Dramatic night sky

What the Sky Teaches Us

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Nancy Joseph 04/01/2024 April 2024 Perspectives
Sunset on a starry night, with calm water in the foreground.

Gaze up at the sky on a clear night. What do you see? A stunning display of our moon, planets, stars, and galaxies? Clues to understanding the entire universe? A celestial map for navigating around the planet?

For Brittany Kamai, visiting professor in the Department of Astronomy in the UW College of Arts & Sciences, the answer is all three. 

Kamai is an astrophysicist with knowledge of Pacific Islanders’ Indigenous navigation — the use of the stars, winds, and waves as a guide for navigating across the Pacific Ocean. This spring quarter, she is combining her scientific and Indigenous knowledge in a new UW astronomy course: Pacific Indigenous Astrophysics. The course is being offered through a Native Knowledge Lecturer Grant from the UW’s Center for American Indian and Indigenous Studies (CAIIS). 

“What’s beautiful about this grant is that it has given me the freedom to create a course that has never been taught before, by combining my academic path in astrophysics with my ancestral knowledge as a Native Hawaiian and a Pacific Islander,” she says. “It is very exciting.”

Driven by Curiosity

Growing up in urban Honolulu, Kamai never felt a strong connection to the night sky. That changed when she took an introductory astronomy course in college. What really hooked her was learning that the vast majority of the universe is made up of dark energy and dark matter, which still remain a mystery to astronomers.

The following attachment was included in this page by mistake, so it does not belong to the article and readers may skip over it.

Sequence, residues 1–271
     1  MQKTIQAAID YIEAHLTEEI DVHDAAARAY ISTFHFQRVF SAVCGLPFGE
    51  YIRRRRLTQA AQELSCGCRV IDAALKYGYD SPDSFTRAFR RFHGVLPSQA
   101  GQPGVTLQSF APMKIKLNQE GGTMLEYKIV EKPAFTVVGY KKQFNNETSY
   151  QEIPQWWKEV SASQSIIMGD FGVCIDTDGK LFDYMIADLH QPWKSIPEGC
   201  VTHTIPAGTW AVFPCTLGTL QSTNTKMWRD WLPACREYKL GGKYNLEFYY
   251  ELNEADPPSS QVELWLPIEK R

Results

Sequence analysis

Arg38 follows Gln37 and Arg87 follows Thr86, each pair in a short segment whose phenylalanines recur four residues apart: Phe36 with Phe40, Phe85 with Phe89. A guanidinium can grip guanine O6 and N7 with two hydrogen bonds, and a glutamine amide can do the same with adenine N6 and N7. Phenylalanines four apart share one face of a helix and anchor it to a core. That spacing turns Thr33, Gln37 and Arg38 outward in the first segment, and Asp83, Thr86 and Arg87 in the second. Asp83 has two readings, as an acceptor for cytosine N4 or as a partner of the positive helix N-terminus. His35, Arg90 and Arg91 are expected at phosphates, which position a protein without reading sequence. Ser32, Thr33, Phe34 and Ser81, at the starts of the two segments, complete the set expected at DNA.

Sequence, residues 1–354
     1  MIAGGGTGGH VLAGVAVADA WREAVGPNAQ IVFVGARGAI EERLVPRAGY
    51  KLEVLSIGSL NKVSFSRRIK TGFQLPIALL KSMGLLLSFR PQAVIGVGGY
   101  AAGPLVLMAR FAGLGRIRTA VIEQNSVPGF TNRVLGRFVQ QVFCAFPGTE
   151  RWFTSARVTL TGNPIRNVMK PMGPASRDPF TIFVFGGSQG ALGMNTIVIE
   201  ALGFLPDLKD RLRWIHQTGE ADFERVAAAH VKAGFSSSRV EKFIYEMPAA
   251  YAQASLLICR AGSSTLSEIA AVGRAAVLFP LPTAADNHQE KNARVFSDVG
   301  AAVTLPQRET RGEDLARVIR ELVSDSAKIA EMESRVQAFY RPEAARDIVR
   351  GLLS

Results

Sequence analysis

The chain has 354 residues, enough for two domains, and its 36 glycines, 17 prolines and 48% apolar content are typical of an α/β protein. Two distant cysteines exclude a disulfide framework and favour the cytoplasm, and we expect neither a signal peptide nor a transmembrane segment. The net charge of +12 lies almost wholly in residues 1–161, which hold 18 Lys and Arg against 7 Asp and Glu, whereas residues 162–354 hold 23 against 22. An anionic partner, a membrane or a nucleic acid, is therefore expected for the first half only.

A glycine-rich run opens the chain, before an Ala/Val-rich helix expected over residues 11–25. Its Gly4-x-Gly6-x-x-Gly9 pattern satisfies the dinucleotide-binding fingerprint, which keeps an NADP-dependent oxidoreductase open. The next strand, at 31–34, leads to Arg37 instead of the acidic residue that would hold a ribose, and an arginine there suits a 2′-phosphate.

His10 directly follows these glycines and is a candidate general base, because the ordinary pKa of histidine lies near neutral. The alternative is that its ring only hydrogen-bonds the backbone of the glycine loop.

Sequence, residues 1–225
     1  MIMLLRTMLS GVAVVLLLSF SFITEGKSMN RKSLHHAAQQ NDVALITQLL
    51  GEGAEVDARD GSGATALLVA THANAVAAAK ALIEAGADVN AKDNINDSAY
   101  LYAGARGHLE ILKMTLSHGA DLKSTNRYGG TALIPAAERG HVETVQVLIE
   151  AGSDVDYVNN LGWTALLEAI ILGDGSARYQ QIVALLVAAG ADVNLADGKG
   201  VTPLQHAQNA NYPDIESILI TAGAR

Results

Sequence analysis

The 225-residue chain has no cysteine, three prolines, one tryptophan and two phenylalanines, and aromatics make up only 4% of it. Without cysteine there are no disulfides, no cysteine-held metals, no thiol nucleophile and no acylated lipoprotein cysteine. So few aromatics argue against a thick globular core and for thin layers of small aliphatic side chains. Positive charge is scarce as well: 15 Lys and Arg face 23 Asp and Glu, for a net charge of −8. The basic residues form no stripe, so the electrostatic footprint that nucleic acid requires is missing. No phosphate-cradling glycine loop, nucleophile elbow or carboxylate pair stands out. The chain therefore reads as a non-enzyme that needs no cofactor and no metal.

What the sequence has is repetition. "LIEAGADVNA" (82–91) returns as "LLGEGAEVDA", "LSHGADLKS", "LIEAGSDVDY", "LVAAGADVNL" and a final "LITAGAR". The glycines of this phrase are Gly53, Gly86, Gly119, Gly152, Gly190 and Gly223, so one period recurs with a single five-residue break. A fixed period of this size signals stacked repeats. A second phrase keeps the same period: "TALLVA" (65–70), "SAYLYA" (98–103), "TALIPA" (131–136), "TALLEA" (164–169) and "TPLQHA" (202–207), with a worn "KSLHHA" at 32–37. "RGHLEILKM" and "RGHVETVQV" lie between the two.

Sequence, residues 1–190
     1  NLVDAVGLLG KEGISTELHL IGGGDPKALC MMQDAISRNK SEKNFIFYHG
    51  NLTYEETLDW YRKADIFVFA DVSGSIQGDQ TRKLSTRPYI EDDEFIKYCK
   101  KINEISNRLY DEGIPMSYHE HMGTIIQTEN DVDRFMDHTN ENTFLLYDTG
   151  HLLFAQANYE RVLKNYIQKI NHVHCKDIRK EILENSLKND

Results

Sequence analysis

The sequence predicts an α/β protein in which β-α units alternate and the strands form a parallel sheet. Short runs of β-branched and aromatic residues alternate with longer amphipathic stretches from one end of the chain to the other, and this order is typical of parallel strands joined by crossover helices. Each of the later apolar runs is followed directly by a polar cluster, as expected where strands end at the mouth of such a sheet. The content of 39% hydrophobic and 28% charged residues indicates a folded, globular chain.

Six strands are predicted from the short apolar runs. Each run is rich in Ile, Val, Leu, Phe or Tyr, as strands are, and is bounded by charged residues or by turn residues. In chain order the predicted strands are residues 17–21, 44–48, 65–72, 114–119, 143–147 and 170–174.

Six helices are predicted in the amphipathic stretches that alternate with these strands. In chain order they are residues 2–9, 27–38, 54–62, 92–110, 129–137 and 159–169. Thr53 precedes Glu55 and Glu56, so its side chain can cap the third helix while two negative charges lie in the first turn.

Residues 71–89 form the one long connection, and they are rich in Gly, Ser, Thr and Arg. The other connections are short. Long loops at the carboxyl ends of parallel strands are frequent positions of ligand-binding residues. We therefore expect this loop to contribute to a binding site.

Brittany Kamai headshot
Brittany Kamai

“At the end of the course, I went to my teacher and asked, ‘How do I figure out what dark energy is?’” Kamai recalls. “The teacher told me to start by majoring in physics. I went back home and told everyone I was going to major in physics, and they all thought I was in over my head — including my high school teachers.”

Kamai proved them wrong. She earned a BS, MA, MS, and PhD in physics, and then continued to work on the Nobel-prize winning gravitational-wave project, LIGO, before stepping into a leadership role on Cosmic Explorer, an instrument being developed to deepen and clarify humanity’s gravitational-wave view of the cosmos. 

Along the way, Kamai co-founded the Society of Indigenous Physicists (SIP), a forum to connect with other Indigenous scientists. “So many of us are the only Indigenous people in anything that we’ve done in physics,” she says. “Many of us are the first and only from our nations. This is a chance for us to be together and have high-level conversations about our respective fields but also incorporate discussions about our ancestral and spiritual knowledge that connects with our work.” Encouragement and letters of support from SIP colleagues led to Kamai's current course at the UW.

Trained in Two Worlds

Kamai designed her Pacific Indigenous Astrophysics course to be accessible to all UW students. No astronomy or physics background is required. “I plan to talk about black holes and the entire universe from a Western lens, but also teach the students to see the way we connect with the stars in the Pacific,” Kamai says.

Kamai is uniquely suited to teach such a class. In addition to her expertise as an astrophysicist, she has spent the past few years training in the ancestral practice of voyaging. She has traveled as crew in traditional canoes — such as Hōkūleʻa and Moʻokiha ʻo Piʻilani — and learned how Pacific Islanders from Hawaiʻi, Satawal, and Lamotrek use the sky to navigate across vast expanses of ocean. Kamai also is part of the Kānehūnāmoku Voyaging Academy, which visits public schools and local communities in Hawai’i to pass on this Indigenous knowledge.